- “A lot of the features that we are rolling out in 1.1 are geared specifically towards construction. Where the value is not necessarily about taking people out of a dangerous environment, but instead of being able to do repetitive tasks that right now or are hard to staff. Or, to staff in a way that is consistent enough. Where we started is this notion of remote sensing or data collection. One of the biggest challenges that construction sites have, as you probably know, is rework. You've got multiple trades running simultaneously on a job site. Sometimes even with the best-laid plans they don't always coordinate what they're supposed to be doing, and often there are clashes between what they're supposed to build and what the building information model says that they're supposed to build. There's been a push in the AC industry over the last several years to create highly accurate tools to compare the as-built environment versus the BIM of what the building is actually supposed to be like. In order to get the information of the as-built environment into the software to compare and do clash detection is really time intensive and is really poorly suited for people. Right now, often the methodology is to tell site managers, ‘Hey once a week, go around your site and take 360 images with this camera and then upload it into the Software System.’ Often that gets pushed back to the end of the week and if the person does it, it’s the last thing that they do right before they go on the weekend, and they're trying to rush through this so they can get home to their families. Often, the quality of data that they collect is not consistent enough to run computer vision-based analytics on the data that they collect because one day they take it on the right side of the room and one day they take is on the left side of the room. So, if you had a robot doing that type of data collection on a nightly basis and is able to collect the same data point again & again & again throughout the site, then you can start unlocking the value of these software tools that are designed specifically to help you track progress, prevent clashes, better-scheduled trades, track whether or not materials were delivered to the site. There is a lot of value in that type of repeated data collection. We are talking about 360 images here but the robot’s agnostic to the payload that you mount to it so you could add a 3D laser scanner or whatever sensing mechanism that site manager or GC feels is useful in getting the job done faster.”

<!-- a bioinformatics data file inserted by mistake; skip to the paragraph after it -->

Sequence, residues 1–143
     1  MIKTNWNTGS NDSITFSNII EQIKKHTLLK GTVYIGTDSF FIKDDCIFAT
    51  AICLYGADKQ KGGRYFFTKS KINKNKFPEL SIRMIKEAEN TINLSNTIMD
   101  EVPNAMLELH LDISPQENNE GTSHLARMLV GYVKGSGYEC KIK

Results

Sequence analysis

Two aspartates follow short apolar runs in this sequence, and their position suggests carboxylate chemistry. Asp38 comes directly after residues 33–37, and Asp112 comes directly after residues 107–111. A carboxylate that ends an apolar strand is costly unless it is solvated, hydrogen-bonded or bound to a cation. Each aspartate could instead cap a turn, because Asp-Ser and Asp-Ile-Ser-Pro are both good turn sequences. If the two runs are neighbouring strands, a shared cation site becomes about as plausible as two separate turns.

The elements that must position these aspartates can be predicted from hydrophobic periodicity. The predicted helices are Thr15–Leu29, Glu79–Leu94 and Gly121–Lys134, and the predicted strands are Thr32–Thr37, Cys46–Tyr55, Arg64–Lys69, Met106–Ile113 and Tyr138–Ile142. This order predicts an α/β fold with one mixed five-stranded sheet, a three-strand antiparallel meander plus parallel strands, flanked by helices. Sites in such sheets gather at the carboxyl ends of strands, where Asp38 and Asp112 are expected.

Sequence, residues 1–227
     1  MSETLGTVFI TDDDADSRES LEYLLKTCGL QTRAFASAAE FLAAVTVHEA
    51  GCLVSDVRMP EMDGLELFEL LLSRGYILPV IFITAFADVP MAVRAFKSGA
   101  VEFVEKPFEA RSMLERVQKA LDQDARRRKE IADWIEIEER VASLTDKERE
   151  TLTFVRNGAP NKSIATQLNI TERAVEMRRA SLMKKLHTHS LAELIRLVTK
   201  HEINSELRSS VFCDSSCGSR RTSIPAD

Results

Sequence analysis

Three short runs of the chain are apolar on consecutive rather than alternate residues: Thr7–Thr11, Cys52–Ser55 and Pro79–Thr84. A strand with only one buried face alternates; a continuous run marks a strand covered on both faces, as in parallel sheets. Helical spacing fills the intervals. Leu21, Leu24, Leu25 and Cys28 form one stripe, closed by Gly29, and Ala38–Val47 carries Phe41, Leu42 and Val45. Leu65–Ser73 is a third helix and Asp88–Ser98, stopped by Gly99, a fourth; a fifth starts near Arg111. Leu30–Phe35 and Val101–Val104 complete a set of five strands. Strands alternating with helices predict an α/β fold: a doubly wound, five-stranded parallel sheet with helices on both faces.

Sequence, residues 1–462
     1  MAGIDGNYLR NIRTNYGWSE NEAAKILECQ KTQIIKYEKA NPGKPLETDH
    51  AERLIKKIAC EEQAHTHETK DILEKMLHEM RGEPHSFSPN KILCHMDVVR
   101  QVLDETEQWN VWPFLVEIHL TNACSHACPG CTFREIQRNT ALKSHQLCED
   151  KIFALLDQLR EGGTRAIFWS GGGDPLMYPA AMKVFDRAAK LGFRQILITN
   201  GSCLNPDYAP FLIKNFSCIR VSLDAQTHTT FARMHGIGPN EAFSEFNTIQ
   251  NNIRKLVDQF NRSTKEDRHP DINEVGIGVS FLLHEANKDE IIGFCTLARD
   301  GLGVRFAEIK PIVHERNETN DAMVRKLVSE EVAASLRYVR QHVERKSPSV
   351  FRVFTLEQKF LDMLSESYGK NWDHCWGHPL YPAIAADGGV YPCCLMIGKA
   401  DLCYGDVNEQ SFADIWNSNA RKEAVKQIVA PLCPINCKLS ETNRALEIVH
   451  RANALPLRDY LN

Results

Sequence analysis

We have talked a lot on the podcast about the future of architects and technology. Is Spot starting to create issues for the future of the modern-day construction worker? (12:10)